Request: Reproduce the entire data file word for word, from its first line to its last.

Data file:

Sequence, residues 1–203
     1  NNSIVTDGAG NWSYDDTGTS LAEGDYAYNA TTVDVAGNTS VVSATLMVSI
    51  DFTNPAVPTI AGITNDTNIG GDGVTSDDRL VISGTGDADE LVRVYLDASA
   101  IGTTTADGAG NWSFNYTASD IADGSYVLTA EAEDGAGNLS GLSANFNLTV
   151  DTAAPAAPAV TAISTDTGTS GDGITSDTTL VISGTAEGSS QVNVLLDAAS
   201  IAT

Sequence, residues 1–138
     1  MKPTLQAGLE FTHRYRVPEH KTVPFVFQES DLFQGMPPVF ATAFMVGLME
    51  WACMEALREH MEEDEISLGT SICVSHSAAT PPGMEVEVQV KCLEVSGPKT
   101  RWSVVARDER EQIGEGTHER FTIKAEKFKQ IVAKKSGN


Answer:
Sequence, residues 1–203
     1  NNSIVTDGAG NWSYDDTGTS LAEGDYAYNA TTVDVAGNTS VVSATLMVSI
    51  DFTNPAVPTI AGITNDTNIG GDGVTSDDRL VISGTGDADE LVRVYLDASA
   101  IGTTTADGAG NWSFNYTASD IADGSYVLTA EAEDGAGNLS GLSANFNLTV
   151  DTAAPAAPAV TAISTDTGTS GDGITSDTTL VISGTAEGSS QVNVLLDAAS
   201  IAT

Sequence, residues 1–138
     1  MKPTLQAGLE FTHRYRVPEH KTVPFVFQES DLFQGMPPVF ATAFMVGLME
    51  WACMEALREH MEEDEISLGT SICVSHSAAT PPGMEVEVQV KCLEVSGPKT
   101  RWSVVARDER EQIGEGTHER FTIKAEKFKQ IVAKKSGN